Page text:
#1
I've micd my amp with a sure sm57 up close and am using a tascam us144 interface and a macbook with garageband....

when I play back what I've recorded it sounds like it was recorded in a large room...not an echo like with delay effects...its like a reverb. but i know it isnt my reverb settings...

I've been recording in my garage...is that the problem??? Does it have to do with my amp volume or mic position?...
#2
That's probably the real reverb from your garage. So yes, the garage is the problem. Not much you can do about it except put up some stuff to dampen the sound, but you won't get too good results unless you spend a lot of money.
#3
Thanks for the the reply...

In a typical household what would you say is the best location for recording? Assuming I don't have to worry about neighbors
#4
Quote by Alex Vik
That's probably the real reverb from your garage. So yes, the garage is the problem. Not much you can do about it except put up some stuff to dampen the sound, but you won't get too good results unless you spend a lot of money.



^FAIL^......... put a few old matteresses around the walls and it will dampen the sound. you dont need to spend a ton of cash anything will do, you just need to stop the sound from bouncing off the walls.
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#5
I heard of a good trick for that, after micing the amp you put a thick blanket over top ther amp and the mic to stop the reverb, it may help
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#6
Quote by kaos572
I heard of a good trick for that, after micing the amp you put a thick blanket over top ther amp and the mic to stop the reverb, it may help


Not a horrible idea, but the sound will be extremely dead. If trying this you may want to add some reverb from a pedal or your amp or even some post-recording reverb during production.
#7
i know this is kind of the opposite of what your looking for, but the Pixies got alot of really cool natural reverb on their first album by recording in a bathroom
#8
Quote by Opethfan1
^FAIL^......... put a few old matteresses around the walls and it will dampen the sound. you dont need to spend a ton of cash anything will do, you just need to stop the sound from bouncing off the walls.


I've heard bad things from a few people about putting mattresses up. I suggest going on youtube and checking out how some people treat their rooms. There's some great cheap ways to do it.
#9
Quote by Dallinisrad
i know this is kind of the opposite of what your looking for, but the Pixies got alot of really cool natural reverb on their first album by recording in a bathroom


Bathrooms always seem to have good reverb, but TS no room in a house will really be sonically dead unless it was built or made that way
#10
If you're just doing one amp, then put mattresses (who has multiple extra mattresses? not me) or something else around just the amp, not the walls of your garage. In my campus's protools studio, we push the movable walls (gobos) around the amp like a fort to kill all the reverb, then add it in post-production.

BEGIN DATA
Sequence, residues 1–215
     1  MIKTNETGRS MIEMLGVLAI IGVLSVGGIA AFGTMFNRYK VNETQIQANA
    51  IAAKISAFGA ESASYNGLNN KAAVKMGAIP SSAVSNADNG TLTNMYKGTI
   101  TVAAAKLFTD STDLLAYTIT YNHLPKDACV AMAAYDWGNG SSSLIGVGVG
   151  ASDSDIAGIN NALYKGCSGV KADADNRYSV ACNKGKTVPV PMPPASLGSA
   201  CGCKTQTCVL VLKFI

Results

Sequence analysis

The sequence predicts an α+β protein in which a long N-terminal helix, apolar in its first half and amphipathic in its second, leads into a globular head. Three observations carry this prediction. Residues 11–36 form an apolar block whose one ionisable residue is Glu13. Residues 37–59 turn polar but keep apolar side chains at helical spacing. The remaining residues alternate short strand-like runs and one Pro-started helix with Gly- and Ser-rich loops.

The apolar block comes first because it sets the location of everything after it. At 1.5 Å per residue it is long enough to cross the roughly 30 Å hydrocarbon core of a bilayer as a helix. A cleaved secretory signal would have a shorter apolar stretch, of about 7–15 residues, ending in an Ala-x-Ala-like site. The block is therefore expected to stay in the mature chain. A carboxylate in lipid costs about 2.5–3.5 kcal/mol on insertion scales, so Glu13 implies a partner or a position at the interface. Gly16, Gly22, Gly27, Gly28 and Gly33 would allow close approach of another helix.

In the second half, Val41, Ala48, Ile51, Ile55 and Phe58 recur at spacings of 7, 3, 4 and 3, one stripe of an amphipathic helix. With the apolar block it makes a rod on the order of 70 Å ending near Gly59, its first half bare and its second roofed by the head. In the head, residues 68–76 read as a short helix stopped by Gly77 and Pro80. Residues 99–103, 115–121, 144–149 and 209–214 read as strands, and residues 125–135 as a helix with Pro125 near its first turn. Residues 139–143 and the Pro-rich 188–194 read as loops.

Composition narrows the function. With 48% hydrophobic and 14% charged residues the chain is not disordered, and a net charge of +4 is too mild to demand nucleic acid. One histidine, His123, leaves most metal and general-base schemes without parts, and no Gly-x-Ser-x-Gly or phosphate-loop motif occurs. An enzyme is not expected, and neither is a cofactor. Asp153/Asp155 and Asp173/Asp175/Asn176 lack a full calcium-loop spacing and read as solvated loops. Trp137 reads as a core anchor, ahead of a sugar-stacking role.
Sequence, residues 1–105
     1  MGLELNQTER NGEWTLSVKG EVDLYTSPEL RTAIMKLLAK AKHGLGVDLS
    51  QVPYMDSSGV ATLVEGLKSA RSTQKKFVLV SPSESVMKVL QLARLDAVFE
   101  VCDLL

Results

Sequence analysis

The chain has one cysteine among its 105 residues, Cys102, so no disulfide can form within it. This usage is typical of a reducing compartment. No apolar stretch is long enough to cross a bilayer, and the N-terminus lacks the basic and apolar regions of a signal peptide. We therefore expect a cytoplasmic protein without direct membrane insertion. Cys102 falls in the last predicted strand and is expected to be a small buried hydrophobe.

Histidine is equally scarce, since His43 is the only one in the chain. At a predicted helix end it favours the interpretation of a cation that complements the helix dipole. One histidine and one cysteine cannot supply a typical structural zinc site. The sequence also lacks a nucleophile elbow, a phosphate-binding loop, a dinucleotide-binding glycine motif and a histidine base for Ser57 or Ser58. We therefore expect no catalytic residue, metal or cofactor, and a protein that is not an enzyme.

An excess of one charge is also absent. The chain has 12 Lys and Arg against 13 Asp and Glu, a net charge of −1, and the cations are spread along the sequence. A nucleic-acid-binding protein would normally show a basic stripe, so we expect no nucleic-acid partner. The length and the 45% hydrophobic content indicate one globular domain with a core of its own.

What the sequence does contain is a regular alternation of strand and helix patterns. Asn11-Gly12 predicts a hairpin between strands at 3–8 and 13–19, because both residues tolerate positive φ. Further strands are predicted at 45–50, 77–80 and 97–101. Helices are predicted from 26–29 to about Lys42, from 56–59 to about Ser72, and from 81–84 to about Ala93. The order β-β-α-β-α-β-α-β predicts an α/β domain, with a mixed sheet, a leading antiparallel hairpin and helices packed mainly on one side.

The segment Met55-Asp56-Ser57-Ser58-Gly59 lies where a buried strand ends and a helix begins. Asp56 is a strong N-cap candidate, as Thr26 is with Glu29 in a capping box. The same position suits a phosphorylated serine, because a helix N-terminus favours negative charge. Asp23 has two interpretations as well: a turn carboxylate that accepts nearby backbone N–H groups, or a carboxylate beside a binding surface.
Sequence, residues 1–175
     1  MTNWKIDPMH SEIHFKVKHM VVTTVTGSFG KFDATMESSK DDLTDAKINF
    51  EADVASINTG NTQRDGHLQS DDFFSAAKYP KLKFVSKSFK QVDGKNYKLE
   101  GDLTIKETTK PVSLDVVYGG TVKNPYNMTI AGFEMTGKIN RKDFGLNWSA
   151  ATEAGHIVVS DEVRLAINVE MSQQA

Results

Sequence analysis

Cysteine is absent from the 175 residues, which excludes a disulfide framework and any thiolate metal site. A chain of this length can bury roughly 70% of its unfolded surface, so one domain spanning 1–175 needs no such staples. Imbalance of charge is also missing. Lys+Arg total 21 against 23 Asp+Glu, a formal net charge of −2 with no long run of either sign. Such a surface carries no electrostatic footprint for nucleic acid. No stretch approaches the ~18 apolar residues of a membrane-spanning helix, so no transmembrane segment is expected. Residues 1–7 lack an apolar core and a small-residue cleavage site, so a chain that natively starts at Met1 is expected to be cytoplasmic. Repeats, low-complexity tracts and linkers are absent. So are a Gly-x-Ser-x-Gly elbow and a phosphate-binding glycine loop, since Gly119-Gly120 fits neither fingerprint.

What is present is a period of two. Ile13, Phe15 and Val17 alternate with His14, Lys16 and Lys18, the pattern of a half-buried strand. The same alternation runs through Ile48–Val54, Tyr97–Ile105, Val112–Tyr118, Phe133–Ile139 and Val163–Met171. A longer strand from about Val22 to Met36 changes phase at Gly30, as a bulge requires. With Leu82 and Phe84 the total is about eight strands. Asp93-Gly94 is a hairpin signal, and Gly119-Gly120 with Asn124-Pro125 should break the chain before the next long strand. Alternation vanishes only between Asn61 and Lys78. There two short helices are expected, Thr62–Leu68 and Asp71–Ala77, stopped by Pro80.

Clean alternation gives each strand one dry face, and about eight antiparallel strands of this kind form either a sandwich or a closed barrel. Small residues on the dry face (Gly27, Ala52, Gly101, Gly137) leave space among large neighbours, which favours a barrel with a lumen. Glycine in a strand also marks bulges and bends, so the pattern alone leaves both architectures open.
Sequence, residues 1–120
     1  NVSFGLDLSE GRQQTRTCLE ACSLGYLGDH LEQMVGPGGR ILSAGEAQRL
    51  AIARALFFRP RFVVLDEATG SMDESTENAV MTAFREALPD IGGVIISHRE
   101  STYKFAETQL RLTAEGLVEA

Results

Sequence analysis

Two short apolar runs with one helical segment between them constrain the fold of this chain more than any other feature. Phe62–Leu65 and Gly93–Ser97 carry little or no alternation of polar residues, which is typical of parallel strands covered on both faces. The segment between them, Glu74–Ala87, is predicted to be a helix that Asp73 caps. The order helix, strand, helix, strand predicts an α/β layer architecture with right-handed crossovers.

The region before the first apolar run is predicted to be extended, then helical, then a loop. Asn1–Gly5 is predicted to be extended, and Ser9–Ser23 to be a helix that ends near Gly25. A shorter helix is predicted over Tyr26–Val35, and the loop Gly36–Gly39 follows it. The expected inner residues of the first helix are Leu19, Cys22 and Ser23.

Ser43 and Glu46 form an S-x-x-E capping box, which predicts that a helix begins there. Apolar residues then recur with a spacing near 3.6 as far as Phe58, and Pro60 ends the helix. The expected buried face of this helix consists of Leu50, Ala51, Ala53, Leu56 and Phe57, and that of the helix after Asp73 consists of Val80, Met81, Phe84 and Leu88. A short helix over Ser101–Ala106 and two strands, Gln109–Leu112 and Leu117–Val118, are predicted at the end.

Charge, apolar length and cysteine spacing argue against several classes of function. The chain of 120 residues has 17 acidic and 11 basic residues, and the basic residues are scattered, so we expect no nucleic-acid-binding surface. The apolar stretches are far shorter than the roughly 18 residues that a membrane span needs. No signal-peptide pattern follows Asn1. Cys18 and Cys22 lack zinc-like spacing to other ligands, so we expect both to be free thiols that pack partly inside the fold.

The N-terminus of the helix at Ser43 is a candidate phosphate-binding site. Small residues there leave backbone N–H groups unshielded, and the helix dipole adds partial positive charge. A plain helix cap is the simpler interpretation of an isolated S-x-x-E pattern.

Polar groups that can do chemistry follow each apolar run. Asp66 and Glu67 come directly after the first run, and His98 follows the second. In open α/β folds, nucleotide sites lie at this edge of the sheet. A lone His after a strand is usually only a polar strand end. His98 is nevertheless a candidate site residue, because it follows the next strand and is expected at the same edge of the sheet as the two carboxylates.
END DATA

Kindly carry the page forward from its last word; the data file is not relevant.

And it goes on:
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#11
Thankyou for all your suggestions....I'm new to this forum and think its awesome.... and I know some things of my own(beginner in most areas though)...I hope I can contribute some advice in the future to others....
#12
for just tracking an amp, you dont need a perfect room. yeah a perfect room would be nice but you generally mic them close enough to where it doesn't matter all that much. you'll want it a lot more dead than most garages are, but putting anything in there will help.

also, keep in mind that live rooms in real studios are not dead. they are normally quite live (or have adjustable liveliness). the difference is it's an even liveliness whereas most untreated rooms naturally accentuate and cancel many different frequencies making a very unpleasant reverb or flutter echoes. you'll only really need to worry about acoustics being a big problem when micing any other instruments (drums, vocals, acoustic instruments...) and especially when mixing. the garage would be the LAST place i would mix in...

anything at all you put in there will break up the sound. mattresses will work, but really, anything will help. i would also try the blanket trick as that will probably deaden it the most if you layer a few blankets over your setup.
#13
My recordings were done in a garage, close mic'd with the cab facing the opposing wall. But I never had trouble getting them to sound tight. Do you have any onboard DSP's biting into your soundcard? some cards have the option to add reverb to EVERYTHING that comes out of the speakers (Audigy, anyone?). if your sound has the option for a global DSP, turn the f*cker OFF.
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